‘The French Quarter reminded Deke of a great big over-decorated wedding cake. The iron balconies had too many swords and curlicues. The doors and windows had too many shutters. The shadows of too many ceiling fans skittered along the wooden porchlike floors that served as sidewalks. Deke was used to the bland American musk of Texas, not the pretty, Frenchified perfume that stank up the air around here. And these people. They hung out of every door and window, half of them in outlandish costume. Whores walked up and down the street as brazen as you please, not even a hint of shame, their smiles as big as sunshine as they minced along in spike heels, big thighs and dresses slit all the way up to there.’
I picked up my mail yesterday and found a review copy of a new murder mystery, Bourbon Street by Leonce Gaiter. The Mardi Gras portrait above may not be designed to flatter the city, but of course the tragedy taking place right now in one of the world’s great cities twists the meaning. The costumes and perfumes and smiling whores must seem like a distant dream to the residents of this city. From my faraway safe distance in New York, I can only hope that today will be better than yesterday for the people of New Orleans, Biloxi and the other Gulf Coast towns and cities.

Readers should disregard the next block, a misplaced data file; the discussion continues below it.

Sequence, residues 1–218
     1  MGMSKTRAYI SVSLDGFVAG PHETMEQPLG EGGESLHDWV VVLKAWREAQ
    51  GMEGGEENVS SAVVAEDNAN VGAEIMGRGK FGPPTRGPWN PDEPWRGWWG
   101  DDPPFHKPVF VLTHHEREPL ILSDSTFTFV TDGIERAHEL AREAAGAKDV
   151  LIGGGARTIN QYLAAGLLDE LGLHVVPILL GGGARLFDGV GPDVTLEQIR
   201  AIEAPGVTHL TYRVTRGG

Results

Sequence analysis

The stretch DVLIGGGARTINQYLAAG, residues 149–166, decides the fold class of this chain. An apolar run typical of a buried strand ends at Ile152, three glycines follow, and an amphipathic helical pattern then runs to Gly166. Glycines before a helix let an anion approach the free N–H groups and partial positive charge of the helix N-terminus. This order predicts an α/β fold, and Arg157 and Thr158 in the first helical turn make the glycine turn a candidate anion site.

Here’s some more from Leonce Gaiter’s new novel, set during Mardi Gras in 1958:
‘With his attention fixed on a tingling in his half-sleeping foot, Deke turned a corner. Suddenly a riotous swarm of men and women surrounded him. They bore down on him like a herd of beasts, as if he’d suddenly materialized in the midst of a raucous parade. Horns blared ten different tunes, saxophones and tubas and trumpets, while a hundred voices fought to be heard. Sparklers sizzled and firecrackers smacked like gunshots while boisterous laughter flew through the air like bees, and bodies competed to see in how many different directions they could run and walk and scream and crawl. Their elaborate and grotesque costumes ate up every square inch — centaur heads of papier-mache; kings and queens with foot-tall wigs; red, naked, horned men; coffin-bearing pallbearers and mummified corpses shedding their rotting, linen skins. It was dizzying. Pushed from every side, Deke fought to stay in place and almost closed his eyes until the storm had passed.‘
I can only try to imagine what it’s like on these streets right now.